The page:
Both Republican and Democratic lawmakers questioned the creation of the Biden administration's "Disinformation Governance Board" within the Department of Homeland Security, saying the mission of the board was unclear, and of questionable constitutionality.
Last week, Homeland Security Secretary Alejandro Mayorkas revealed the creation of the disinformation board while testifying before a House Appropriations subcommittee about his department's 2023 budget.
Both Republican and Democratic lawmakers spoke out against the disinformation board itself, and DHS’ rollout.
"I still have yet to be explained what this thing is," Rep. Peter Meijer, R-Mich., told Fox News Digital at the Milken Institute 2022 Global Conference. "The one thing that’s unquestionable is this is terrible communication."
Meijer added that he believes the board has a "questionable mission" and should be disbanded.
"I have implored the Biden administration to just cancel this whole thing," he said. "Before we even get to what this questionable mission is — is so ham fisted and just off base that they should just cut their losses on this thing."
Rep. Jim Himes, D-Conn., said he is looking at the board "from a position of deep skepticism whenever any government gets involved in managing information, identifying disinformation."
"As far as I'm concerned, the government has no business saying that this is disinformation and this is information," he added.
Maryland Republican Gov. Larry Hogan said the board was "certainly not something they ought to be doing," adding it was "one more mistake the Biden administration has made."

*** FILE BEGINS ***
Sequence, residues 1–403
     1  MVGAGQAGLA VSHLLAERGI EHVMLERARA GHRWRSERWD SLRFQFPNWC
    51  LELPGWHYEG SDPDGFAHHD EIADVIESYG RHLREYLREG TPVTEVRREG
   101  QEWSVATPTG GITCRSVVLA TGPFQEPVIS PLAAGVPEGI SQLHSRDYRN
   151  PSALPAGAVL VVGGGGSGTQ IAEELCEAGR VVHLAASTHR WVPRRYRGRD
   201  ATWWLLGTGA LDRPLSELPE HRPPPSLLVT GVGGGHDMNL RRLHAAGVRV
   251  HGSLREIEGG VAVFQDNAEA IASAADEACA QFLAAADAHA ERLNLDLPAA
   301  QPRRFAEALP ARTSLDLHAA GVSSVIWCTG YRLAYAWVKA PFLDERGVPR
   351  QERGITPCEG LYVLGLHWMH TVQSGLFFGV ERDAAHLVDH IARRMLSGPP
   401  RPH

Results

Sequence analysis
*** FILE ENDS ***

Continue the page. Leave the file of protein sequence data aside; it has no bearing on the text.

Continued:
Illinois Democrat Rep. Cheri Bustos took a different approach, saying there was much more to learn about the board, but that she was "going to take the secretary of Homeland Security's word that it's not going to involve American citizens."
"The fundamentals of it have to be that it is dealing with Russia, it is dealing with foreign enemies and making sure that their really terrible disinformation campaigns don't have an impact on America," she added.
Former California Democratic Rep. Jane Harman also said she is not clear on the details of the board, but would "like to learn more."
"I think disinformation is a major threat, and I think we ought to know what it is and what their intentions are before we make a judgment," she added.
Rep. Meijer added the mission of the board is already being completed by the Department of State, and focusing on disinformation has taken the Department of Homeland Security away from its other core missions, namely, securing the southern border.
"I don't know fully the problem they're trying to solve and they haven't explained it," Meijer said. "Meanwhile, on the southern border, we have a very clear and dramatic problem that needs to be solved."
"They definitely shouldn't be taking on new extracurriculars when they're failing at their fundamental objectives," he added.
The disinformation board has come under harsh criticism from lawmakers and pundits alike, with many likening it to a "Ministry of Truth."
Sen. Josh Hawley, R-Mo., introduced legislation Wednesday to dissolve the board, which would include removing the executive director position currently held by the new controversial director, Nina Jankowicz.
Fox News' Cameron Cawthorne contributed to this report.